My brain works in a particular way. In terms of clothing, I get very stressed by frilly paraphernalia that isn’t necessary and I’m obsessed with function. It’s not a reductionist thing all the time but it’s about reducing something to its purest form to create a perfect garment. When I look at something and it doesn’t fit and the details aren’t right or the balance of the pocket isn’t right, all of those things stress me out. When you have a perfect image there is no source of stress within that image. When it works, you look at it and it’s pleasing. It makes you feel safe, or maybe that’s not quite what I mean. The feeling it evokes needs to be of perfect balance, rather than the opposite, which is chaos. My brain tries to work towards a pure form. It’s like a Savile Row suit. It’s perfect and there’s a complete absence of chaos.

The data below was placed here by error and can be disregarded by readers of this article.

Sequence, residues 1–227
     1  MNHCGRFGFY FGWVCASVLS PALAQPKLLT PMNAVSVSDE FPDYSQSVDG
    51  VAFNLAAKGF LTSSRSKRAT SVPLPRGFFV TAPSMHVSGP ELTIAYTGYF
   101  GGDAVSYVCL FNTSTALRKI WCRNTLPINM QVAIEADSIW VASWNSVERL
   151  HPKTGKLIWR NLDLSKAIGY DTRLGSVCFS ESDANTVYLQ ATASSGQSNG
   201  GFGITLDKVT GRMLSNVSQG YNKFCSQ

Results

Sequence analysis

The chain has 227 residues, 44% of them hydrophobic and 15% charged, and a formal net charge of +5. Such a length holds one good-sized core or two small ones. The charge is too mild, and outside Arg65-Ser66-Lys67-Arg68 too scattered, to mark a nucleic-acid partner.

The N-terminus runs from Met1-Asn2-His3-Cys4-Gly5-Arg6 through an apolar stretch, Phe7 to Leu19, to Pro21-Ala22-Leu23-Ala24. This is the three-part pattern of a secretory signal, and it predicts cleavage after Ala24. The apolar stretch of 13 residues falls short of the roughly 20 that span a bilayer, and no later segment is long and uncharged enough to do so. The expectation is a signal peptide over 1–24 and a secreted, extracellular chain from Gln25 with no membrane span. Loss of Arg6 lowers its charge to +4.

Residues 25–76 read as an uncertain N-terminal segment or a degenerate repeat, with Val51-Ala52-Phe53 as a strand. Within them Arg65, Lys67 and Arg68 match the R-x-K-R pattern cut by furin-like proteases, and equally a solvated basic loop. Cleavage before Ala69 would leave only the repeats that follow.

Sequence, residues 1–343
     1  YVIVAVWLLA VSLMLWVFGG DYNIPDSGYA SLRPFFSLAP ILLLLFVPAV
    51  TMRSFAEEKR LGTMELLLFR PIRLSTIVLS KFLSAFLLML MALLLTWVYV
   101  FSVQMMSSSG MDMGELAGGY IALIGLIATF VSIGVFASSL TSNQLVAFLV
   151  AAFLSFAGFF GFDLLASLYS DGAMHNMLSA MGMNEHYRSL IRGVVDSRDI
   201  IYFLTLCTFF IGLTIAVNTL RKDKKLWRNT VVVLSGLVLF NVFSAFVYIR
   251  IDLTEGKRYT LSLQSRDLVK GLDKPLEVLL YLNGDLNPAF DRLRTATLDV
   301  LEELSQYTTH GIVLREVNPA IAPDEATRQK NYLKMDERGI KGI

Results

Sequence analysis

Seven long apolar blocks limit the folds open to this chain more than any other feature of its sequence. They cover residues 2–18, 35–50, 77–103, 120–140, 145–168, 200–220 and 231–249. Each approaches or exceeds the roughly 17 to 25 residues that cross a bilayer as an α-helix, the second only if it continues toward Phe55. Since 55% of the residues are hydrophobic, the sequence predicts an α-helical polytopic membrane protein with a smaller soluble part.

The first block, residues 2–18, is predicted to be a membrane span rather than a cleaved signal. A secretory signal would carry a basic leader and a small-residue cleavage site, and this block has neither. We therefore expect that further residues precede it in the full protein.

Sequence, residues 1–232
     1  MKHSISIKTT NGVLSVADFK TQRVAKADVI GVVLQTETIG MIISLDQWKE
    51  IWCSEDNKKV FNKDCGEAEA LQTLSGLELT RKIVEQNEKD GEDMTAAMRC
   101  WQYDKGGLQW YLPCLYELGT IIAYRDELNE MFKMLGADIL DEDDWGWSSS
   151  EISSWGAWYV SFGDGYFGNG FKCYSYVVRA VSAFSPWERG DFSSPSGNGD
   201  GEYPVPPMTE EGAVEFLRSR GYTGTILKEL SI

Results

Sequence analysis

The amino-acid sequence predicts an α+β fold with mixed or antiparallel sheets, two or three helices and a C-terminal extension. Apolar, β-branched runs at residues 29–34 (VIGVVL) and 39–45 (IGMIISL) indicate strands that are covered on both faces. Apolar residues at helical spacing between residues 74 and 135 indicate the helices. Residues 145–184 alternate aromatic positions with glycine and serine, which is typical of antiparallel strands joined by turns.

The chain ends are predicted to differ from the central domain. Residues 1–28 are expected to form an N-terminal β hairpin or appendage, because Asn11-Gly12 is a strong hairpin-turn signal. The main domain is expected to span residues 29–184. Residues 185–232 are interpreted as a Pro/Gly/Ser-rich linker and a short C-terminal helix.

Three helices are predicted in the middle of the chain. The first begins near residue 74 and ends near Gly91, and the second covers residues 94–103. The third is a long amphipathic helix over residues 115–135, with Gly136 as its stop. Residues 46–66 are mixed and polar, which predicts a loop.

What does Leica mean to you?
For me, Leica personifies the pursuit of perfection in an object, whose whole mission in life is to perform a function and that’s why I love it. I love the fact that it just doesn’t change. It’s just constant updates of a perfect design and has such a singular sense of purpose. It doesn’t need to look good. It does happen to look good but only because it’s such a pure object. Leica cameras do what they’re supposed to do and nothing else, and that’s beautiful. It’s also a brand that can make a black and white only camera, even more than that they can make a digital camera without a screen. It’s just great!
By removing all unnecessary features and functions, Leica cameras are known for representing the “essential” in photography. How do you go about redesigning something like that?